Cerebral Cavernous Hemangioma in a Dog

Viviane Motta dos Santos Moretto, Luciana Maria Curtio Soares, Esthefanie Nunes, Uiara Hanna Araújo Barreto, Valéria Régia Franco Sousa, Pedro Eduardo Brandini Nespoli, Edson Moleta Colodel, Arlena do Bom Parto Ferreira de Almeida


Background: Cerebral cavernous hemangioma is a rare neoplasm of vascular origin in the brain, characterized by abnormally dilated vascular channels surrounded by endothelium without muscle or elastic fibers. Presumptive diagnosis is performed by magnetic resonance or computed tomography (CT) scanning and can be confirmed by histopathology. The prognosis of intracranial cavernous hemangioma is poor, with progression of clinical signs culminating in spontaneous death or euthanasia. The purpose of this paper is to report a case of cerebral cavernous hemangioma in a dog, presenting the clinical findings, tomographic changes, and pathological findings.

Case: This case involved a 2-year-old medium sized mixed breed female dog presenting with apathy, hyporexia, ataxia, bradycardia, dyspnea, and seizure episodes for three days. Hemogram and serum biochemistry of renal and hepatic function and urinalysis did not reveal any visible changes. CT scanning was also performed. The scans revealed a hyperdense nodule of 15.9 x 14 mm, with well defined borders, and a hypodense halo without post-contrast enhancement and mass effect in the right parietal lobe was observed in both transverse and coronal sections. Based on the image presented in the CT scans, the nodule was defined as a hemorrhagic brain lesion. The animal died after a seizure. The right telencephalon was subjected to necropsy, which revealed a reddish-black wel-defined nodule 1.7 cm in diameter extending from the height of the piriform lobe to the olfactory trine at the groove level and extending towards the lateral ventricle, with slight compression and deformation of the thalamus but no other macroscopic alterations in the other organs. The histopathology indicated that this nodular area in the encephalus contained moderate, well-delimited but unencapsulated cellularity, composed of large vascular spaces paved with endothelial cells filled with erythrocytes, some containing eosinophilic fibrillar material (fibrin) and others with organized thrombus containing occasional neutrophil aggregates. The endothelial cells had cytoplasm with indistinct borders, elongated nuclei, scanty crust-like chromatin, and cellular pleomorphism ranging from discrete to moderate, without mitotic figures.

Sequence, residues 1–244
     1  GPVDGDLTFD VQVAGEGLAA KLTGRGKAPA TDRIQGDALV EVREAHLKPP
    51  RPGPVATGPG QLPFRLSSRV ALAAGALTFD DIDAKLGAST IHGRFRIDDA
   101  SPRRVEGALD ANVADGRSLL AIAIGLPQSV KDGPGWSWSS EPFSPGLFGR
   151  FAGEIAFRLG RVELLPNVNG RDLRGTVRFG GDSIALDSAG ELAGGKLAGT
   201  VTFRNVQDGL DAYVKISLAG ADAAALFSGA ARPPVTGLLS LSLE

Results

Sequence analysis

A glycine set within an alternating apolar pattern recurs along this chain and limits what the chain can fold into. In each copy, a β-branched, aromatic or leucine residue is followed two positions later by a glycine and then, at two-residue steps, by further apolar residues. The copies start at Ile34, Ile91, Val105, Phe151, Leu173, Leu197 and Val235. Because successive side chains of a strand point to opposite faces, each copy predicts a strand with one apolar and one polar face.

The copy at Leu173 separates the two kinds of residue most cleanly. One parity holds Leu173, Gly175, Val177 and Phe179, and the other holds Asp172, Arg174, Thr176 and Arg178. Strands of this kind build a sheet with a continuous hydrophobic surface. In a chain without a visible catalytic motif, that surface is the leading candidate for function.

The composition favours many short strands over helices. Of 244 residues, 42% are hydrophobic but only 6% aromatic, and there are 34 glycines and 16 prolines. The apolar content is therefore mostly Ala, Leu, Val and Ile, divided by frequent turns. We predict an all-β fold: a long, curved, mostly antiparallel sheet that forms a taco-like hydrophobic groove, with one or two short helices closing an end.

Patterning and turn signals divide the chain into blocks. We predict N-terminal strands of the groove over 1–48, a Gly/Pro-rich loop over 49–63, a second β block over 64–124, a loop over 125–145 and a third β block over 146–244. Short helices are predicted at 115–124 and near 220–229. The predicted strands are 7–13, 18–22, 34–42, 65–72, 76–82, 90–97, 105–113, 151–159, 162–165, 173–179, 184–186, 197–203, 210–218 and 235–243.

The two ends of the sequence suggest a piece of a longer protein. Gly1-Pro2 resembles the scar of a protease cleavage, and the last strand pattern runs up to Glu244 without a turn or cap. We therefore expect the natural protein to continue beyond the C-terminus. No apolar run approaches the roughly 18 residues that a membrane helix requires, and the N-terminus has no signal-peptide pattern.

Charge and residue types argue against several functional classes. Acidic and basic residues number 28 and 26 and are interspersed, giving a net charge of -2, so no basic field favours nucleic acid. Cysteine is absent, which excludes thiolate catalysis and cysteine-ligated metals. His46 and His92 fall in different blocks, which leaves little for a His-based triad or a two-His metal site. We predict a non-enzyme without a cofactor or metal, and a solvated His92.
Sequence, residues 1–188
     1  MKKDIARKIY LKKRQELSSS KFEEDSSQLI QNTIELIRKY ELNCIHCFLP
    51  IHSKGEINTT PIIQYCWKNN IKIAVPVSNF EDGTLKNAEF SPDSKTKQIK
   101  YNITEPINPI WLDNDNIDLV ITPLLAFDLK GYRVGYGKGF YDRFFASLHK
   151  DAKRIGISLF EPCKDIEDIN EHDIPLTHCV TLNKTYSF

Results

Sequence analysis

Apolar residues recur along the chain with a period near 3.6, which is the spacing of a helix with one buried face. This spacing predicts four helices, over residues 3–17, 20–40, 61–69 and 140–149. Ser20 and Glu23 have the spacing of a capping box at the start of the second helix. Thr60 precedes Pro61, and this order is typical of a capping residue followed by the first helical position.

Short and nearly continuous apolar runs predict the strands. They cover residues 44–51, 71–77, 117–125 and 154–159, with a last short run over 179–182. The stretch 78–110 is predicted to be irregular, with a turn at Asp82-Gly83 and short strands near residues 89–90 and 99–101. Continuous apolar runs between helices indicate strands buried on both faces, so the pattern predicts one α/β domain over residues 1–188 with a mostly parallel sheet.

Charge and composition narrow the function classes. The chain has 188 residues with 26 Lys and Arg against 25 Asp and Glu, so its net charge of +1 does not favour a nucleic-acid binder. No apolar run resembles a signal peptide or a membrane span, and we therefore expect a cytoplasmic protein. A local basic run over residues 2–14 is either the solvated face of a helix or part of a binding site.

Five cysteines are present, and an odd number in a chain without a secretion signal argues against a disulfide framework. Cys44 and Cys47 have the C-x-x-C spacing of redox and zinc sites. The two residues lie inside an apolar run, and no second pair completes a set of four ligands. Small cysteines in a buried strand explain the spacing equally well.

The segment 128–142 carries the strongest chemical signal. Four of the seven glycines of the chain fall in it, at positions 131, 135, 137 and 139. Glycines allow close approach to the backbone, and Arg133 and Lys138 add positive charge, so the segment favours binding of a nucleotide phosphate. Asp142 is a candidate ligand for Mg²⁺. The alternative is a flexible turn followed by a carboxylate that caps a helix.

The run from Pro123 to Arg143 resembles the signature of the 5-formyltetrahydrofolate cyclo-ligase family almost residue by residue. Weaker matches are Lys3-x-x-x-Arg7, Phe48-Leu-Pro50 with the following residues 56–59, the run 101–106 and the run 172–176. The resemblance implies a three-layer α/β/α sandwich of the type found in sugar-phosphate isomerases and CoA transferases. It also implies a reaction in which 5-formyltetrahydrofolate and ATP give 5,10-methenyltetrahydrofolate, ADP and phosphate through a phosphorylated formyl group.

Discussion: The histological findings characterized the morphological changes in the brain as cavernous hemangioma, and the growth and compression of this neoplasm were considered the cause of the clinical signs of this dog. The main complaint was seizures, although ataxia and lethargy were also noted. These clinical signs are often related to changes in the anterior brain and brainstem. The literature does not list computed tomography as a complementary diagnostic method in cases of cerebral cavernous hemangioma in dogs, but CT scanning was useful in confirming cerebral hemorrhage. The main differential diagnosis for cerebral cavernous hemangioma would be a hamartoma, but what differentiates them histologically is the presence of normal interstices between the blood vessels, since no intervening neural tissue occurs in the case of cerebral hemangioma. Therefore, even in the absence of immunohistochemistry to more confidently confirm a cavernous hemangioma, the clinical signs, CT scans and especially the pathological findings were consistent with a case of cerebral cavernous hemangioma, a benign neoplasm with a poor prognosis due to the severe neurological changes it causes and its difficult treatment.

Full Text: